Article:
represent handles, hydraulics and optics. The barrels on the smaller guns
were replaced with copper wire.
I bevelled the inside edges of the sail to help ensure a
gap-free fit on the deck. The sail was superglued in place and the model
was starting to look a lot more like a U-Boat!
The gorgeous, crisp deck surface texture was supplemented
with separate photo-etched parts for a splashguard in front of the 105mm
deck gun, non-slip flooring under both deck guns and bases for the
capstans. The capstans themselves were cut from lengths of brass wire and
glued in place.
The lower hull details were next, including dive planes,
the photo-etched propellers combined with plastic driveshafts and rudders.
I did have a little trouble getting these parts to line up as the locating
points are not very positive. I think I got it right in the end!
The cable cutter assembly is just beautiful. It does
require some sharp folding though, so I waited until my Etch-Mate
photo-etched folding tool arrived before I attempted this assembly. The
Etch-Mate made easy work of the mount for the cutter, and the part was
mounted on the bow of the boat
The hull railing is mercifully short and secures to the
side of the hull. Super glue was used to fasten the railings to the
Click the thumbnails below
to view larger images:
I wanted to obtain a finish that was somewhat weathered
but not overdone considering the scale.
The model was painted with my Aztek A470 airbrush and a
fairly random selection of paints.
To start the paint job, the model was sprayed with an
overall coat of Tamiya German Grey. I then cut tiny masks from the
adhesive sections of Post-It Notes and stuck them to the hull and
Tamiya Sky Grey was sprayed over the entire model. When
the Post-It Note masks were removed, the camouflage pattern became
Next, fine streaks were sprayed vertically along the hull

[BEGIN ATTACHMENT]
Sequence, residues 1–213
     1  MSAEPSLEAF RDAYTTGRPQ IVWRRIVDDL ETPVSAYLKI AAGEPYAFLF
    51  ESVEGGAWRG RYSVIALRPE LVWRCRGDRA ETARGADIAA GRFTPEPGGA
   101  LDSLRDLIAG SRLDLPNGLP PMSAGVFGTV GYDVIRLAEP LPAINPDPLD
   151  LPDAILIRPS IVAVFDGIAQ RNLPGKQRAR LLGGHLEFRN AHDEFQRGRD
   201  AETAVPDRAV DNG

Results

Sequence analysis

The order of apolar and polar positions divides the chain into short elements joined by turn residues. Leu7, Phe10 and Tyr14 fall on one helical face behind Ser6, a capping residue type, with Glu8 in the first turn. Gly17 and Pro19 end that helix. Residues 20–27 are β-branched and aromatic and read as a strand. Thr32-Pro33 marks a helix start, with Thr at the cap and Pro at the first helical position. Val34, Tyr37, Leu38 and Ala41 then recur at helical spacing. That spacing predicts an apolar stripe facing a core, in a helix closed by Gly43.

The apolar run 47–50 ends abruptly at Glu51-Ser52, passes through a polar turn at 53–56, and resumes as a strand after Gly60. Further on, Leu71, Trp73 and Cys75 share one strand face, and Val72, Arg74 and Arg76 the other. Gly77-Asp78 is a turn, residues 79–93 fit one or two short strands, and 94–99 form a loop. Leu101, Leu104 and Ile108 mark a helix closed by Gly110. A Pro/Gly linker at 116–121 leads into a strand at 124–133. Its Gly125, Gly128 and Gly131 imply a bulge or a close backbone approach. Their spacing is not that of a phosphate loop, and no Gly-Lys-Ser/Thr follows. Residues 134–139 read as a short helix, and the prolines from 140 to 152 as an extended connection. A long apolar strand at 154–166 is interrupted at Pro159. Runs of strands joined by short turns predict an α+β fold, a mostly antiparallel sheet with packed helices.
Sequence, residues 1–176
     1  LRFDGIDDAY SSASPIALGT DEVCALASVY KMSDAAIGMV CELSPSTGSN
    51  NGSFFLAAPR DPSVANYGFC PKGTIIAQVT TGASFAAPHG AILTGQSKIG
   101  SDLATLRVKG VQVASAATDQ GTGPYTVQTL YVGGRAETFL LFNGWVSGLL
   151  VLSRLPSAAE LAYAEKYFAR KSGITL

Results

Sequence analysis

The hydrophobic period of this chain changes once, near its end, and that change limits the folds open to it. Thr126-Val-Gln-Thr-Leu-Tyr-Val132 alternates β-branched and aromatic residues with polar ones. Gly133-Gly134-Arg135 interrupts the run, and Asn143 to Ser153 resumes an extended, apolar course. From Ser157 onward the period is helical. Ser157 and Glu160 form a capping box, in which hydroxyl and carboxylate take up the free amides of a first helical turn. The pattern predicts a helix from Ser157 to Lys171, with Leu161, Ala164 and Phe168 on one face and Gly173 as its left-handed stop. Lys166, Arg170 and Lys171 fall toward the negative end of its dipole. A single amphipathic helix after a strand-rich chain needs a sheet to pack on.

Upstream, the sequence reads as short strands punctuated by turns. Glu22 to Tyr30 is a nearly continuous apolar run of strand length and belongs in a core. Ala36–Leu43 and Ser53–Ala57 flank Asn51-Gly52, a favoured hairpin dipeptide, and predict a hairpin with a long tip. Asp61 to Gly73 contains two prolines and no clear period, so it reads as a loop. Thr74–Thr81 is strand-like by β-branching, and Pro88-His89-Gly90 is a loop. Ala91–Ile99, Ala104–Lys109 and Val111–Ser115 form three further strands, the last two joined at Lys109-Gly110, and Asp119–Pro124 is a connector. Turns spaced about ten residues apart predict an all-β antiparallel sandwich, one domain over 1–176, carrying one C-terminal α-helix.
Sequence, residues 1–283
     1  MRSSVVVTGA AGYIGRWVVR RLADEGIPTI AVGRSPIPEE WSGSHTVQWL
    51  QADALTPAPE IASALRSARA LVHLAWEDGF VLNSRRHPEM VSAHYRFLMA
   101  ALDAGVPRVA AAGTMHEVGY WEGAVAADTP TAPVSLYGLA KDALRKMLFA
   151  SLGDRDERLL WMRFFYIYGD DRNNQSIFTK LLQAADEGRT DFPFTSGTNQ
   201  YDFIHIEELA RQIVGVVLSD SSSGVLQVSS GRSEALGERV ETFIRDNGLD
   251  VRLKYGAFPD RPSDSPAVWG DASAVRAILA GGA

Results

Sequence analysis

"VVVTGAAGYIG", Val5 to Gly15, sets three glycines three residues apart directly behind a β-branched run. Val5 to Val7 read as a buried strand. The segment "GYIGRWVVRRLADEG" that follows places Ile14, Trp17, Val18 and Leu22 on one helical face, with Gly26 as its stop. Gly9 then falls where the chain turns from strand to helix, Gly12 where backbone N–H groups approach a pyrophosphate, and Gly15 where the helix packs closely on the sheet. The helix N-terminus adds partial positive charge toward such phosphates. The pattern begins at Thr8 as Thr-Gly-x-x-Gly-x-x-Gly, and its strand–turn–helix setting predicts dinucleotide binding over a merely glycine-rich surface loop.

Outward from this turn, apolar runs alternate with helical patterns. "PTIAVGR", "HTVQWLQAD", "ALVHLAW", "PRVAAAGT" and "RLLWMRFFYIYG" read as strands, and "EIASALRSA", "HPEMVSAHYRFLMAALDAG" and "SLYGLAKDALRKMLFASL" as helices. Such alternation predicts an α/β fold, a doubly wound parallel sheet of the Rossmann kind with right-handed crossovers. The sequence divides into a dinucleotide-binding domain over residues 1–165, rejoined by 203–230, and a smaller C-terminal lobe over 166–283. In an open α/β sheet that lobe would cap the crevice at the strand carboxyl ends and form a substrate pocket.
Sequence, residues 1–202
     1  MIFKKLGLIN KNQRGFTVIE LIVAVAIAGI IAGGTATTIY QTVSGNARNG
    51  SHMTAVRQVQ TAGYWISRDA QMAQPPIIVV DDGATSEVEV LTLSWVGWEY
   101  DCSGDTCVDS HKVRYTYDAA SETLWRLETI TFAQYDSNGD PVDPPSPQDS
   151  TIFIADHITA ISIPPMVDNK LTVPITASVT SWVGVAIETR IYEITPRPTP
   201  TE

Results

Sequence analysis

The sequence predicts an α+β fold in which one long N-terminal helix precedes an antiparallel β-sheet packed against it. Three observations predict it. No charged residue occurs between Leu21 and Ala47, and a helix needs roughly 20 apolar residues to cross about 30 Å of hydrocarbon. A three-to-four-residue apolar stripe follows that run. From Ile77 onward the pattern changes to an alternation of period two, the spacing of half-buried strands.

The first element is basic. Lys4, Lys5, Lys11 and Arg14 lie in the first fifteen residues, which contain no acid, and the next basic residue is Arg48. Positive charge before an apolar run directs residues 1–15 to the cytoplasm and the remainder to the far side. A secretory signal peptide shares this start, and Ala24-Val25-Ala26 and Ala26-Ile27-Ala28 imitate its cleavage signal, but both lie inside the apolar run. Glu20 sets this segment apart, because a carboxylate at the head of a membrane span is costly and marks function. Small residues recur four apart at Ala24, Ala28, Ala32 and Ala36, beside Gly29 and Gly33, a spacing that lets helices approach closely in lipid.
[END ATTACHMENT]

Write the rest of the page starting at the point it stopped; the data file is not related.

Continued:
sides. XF-66 Light Grey was then applied with a fine paintbrush on the
main deck around the bottom of the sail and the Wintergarten, and sprayed
over the remainder of the deck.
The upper hull was now masked off with Tamiya masking
tape. A mix of Dark Grey and German Grey was applied to the lower hull.
While the upper hull was still masked off, thin streaks of a lighter grey
were sprayed vertically on the lower hull too.
Click the thumbnails below
to view larger images:
The basic camouflage pattern after removal of the Post-It Note masks
Vertical streaks have been applied to the hull sides and sail.
The deck receives a coat of Tamiya Light Grey...
...before the upper hull is masked and the lower hull is sprayed with a streaky Dark Grey mix.
Kit decals were used. I only sprayed the local areas where
the decals would be positioned with Testor's Metalizer Sealer. The kit
decals performed perfectly.
The glossy surfaces and decals were sealed with Polly
Scale acrylic Flat finish, sprayed undiluted through the Aztek airbrush.
A few additional vertical streaks were added to the hull.
These were applied with a fine paint brush using Dark Earth for rusty
stains and Light Grey for a little subtle variety.
Aerial wires and a lead-in wire to the sail were added
from smoke-coloured invisible mending thread (monofilament). The prominent
sets of floats on the wires were created by applying drops of super glue
to the threads after they were strung from the sail, fore and aft.
When the tiny drops of super glue had dried, they were
brush-painted dark grey.
This was my first maritime model since returning to the
hobby in the late 1980s. It was also the first time that I have used a
photo-etch bending tool.
I greatly enjoyed both experiences, and have bought quite
a few ship and submarine kits since starting this project last year.
If you want to dip your toe into ship modelling, but you
do not want to invest a fortune in kits and detail sets, Mirage's series
of 1/400 submarines and warships is a great place to start. The Type IXA
U-Boat that I built costs around USD$8.00; and the photo-etched set is
around the same price.
Considering the result, that sounds like a bargain to me!
thumbnails below to view larger images:
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17 March, 2004